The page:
a new leaf falls. The fragment-based method is better
in all graphics cards we tested, probably due to the fact
that only one fragment shader is executed per leaf. We
show in Table 2 the framerates for different graphics
cards. As texture memory is not a bottleneck and the
scene fits in main memory, the framerates mainly depend on the graphics card, not the CPU processor.
Graphics card
GF 6800
GF 8600M GT
GF 8800
Avg. fps
Table 2: Average framerates through more than 3000
frames with different graphics cards. The scene has
800K polygons. Through the path 12K leaves were
The evolution of the framerate through the path is
shown in Figure 6. We show the results with the two
strategies used together with a path where no leaf is
thrown. In Figure 7 we show the rate of throwing
leaves through the path. Moreover, in pink we can
also see how many of the falling leaves are effectively
rendered by the fragment-based approach, taking into
account the per-leaf occlusion query-based optimization. Note that, in most of the path, roughly half of the
leaves are visible. The curve falls down when leaves
start to arrive to the ground, at that point, the fragmentbased approach rapidly recovers its maximum framerate as can be seen in Figure 6.
Table 1: Average framerates through more than 3000
7 Conclusions
frames of the different strategies. Throughout the path
up to 12K leaves are thrown, although not all of them 7.1 Discussion
are visible for the observer.
We have implemented the presented algorithm in a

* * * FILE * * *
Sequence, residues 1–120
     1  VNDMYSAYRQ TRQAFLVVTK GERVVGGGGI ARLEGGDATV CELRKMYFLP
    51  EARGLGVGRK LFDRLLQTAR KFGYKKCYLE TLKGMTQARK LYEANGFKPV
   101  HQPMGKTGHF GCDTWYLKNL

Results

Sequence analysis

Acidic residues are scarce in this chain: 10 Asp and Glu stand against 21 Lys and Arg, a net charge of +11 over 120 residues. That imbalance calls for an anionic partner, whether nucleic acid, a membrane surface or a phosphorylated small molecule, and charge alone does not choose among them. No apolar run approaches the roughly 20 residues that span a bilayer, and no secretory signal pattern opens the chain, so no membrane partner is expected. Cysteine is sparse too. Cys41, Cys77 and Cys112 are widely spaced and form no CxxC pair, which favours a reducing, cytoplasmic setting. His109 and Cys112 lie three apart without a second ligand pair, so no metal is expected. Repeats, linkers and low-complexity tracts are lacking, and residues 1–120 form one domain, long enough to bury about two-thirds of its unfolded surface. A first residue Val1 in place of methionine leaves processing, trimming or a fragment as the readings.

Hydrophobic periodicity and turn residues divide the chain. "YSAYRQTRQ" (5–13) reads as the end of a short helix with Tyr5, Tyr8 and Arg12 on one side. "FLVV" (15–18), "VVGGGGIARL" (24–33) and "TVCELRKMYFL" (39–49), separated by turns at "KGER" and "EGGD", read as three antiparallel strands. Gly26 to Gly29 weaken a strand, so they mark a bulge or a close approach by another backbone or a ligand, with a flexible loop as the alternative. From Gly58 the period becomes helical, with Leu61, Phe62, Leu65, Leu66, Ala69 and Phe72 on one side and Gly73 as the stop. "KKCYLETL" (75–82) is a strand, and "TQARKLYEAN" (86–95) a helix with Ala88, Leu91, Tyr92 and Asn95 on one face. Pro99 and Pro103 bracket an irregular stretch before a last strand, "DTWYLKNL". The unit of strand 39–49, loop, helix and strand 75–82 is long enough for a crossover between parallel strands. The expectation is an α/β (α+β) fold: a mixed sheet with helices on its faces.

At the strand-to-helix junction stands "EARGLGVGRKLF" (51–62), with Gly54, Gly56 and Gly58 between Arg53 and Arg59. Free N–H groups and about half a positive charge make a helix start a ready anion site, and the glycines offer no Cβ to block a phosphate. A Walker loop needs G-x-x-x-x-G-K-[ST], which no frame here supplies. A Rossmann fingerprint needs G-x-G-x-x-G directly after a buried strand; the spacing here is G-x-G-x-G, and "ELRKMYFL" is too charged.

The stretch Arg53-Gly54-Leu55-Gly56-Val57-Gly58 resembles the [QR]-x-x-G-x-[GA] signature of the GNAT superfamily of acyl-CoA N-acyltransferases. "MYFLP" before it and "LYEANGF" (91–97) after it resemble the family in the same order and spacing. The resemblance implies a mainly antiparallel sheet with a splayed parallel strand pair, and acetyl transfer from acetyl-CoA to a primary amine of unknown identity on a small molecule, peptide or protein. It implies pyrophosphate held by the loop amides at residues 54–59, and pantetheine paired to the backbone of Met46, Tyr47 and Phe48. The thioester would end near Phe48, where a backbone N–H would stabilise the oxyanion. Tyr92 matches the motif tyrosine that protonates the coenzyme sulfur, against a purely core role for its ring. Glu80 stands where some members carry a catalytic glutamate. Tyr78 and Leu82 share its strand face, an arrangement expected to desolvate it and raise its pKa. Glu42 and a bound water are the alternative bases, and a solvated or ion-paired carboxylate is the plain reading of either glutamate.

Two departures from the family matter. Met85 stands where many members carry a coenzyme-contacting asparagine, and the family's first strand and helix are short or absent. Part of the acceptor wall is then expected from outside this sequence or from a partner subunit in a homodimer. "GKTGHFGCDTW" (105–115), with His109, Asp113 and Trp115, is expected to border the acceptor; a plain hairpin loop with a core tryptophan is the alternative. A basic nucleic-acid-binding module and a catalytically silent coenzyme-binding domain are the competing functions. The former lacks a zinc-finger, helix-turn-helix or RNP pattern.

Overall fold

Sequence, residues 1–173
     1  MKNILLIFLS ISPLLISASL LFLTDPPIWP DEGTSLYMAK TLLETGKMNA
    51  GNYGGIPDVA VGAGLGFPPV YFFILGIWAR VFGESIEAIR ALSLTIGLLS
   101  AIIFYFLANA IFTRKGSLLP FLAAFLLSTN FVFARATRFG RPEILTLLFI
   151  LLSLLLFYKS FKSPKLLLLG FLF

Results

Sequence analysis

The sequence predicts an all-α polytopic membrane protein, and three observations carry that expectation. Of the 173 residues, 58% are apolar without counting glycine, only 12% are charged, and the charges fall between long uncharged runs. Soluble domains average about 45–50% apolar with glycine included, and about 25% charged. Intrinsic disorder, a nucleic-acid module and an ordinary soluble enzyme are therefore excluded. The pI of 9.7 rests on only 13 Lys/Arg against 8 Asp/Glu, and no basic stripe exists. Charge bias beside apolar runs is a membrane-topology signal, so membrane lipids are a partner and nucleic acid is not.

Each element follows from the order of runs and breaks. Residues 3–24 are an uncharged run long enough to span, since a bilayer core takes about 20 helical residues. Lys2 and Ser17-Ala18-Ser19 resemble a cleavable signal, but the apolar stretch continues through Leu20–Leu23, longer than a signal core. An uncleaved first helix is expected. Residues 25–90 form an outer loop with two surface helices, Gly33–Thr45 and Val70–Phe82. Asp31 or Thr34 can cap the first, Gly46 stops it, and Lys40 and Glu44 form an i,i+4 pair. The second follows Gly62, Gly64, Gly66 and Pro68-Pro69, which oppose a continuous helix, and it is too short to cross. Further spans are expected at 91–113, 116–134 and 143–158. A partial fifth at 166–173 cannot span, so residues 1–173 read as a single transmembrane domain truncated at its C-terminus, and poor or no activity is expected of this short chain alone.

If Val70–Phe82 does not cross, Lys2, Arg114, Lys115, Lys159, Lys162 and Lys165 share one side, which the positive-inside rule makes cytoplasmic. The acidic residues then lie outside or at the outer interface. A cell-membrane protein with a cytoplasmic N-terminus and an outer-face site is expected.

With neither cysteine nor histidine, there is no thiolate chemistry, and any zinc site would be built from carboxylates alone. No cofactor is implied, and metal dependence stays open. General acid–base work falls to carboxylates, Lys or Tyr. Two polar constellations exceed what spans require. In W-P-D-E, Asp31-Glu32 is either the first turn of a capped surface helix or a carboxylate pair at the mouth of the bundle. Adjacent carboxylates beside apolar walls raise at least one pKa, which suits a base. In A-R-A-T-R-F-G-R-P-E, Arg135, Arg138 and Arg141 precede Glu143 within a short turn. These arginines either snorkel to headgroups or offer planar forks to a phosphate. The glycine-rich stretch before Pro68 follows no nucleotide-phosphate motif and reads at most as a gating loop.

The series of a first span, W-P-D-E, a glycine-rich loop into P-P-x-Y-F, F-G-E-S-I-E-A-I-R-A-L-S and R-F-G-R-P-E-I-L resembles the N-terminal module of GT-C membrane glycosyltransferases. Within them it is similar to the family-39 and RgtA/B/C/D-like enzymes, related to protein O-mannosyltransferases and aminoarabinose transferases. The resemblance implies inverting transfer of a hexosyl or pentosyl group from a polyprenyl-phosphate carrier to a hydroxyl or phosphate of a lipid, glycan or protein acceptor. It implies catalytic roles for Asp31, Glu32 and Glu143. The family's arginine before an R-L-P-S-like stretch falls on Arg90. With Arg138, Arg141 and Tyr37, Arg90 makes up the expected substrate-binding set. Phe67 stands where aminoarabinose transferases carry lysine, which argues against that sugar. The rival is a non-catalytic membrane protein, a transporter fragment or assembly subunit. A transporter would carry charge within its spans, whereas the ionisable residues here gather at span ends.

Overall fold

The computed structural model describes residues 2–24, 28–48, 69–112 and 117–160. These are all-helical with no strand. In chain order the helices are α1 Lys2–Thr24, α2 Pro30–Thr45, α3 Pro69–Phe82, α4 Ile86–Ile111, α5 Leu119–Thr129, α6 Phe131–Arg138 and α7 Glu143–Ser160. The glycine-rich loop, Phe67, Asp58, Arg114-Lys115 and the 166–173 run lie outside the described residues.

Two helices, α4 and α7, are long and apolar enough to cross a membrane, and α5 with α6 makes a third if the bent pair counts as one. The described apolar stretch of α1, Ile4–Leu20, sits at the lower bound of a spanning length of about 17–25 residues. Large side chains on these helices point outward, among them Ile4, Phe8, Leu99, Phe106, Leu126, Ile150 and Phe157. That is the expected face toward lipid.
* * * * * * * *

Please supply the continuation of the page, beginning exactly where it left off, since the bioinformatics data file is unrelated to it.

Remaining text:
Several aspects are important to note. The vertex Quad Core PC equipped with a GeForce FX 8800
shader approach performs less effort than the render- graphics card and 8Gb of RAM memory. Our results
urn:nbn:de:0009-6-12957, ISSN 1860-2037
Journal of Virtual Reality and Broadcasting, Volume 5(2008), no. 2
Figure 6: Framerate throughout an exploration path with the simulation carried out in the fragment shader. The
scene has 1M polygons and more than 13K leaves are thrown throughout the navigation path.
Figure 7: Number of leaves thrown throughout the path. The blue graph shows the total leaves thrown and the
pink one shows the number of visible leafs at each moment when using leaf occlusion at the fragment-based
urn:nbn:de:0009-6-12957, ISSN 1860-2037
Journal of Virtual Reality and Broadcasting, Volume 5(2008), no. 2
path in such a way that each leaf seems to fall in a
different manner. This results in low texture memory
storage requirements and bandwidth. We have also
presented a method for path reuse in order to make
longer falling trajectories by reusing the same information data. In future we want to deal with collision
detection and wind simulation.
Figure 9: Two images of a tree, one without ambient This work has been supported by TIN2004-08065occlusion (left), and the second with ambient occlu- C02-01 of Spanish Government. The authors would
like to thank the comments of the anonymous reviewers which helped improved the paper.
show that we can render several thousands of leaves
at real time with any of the strategies implemented. References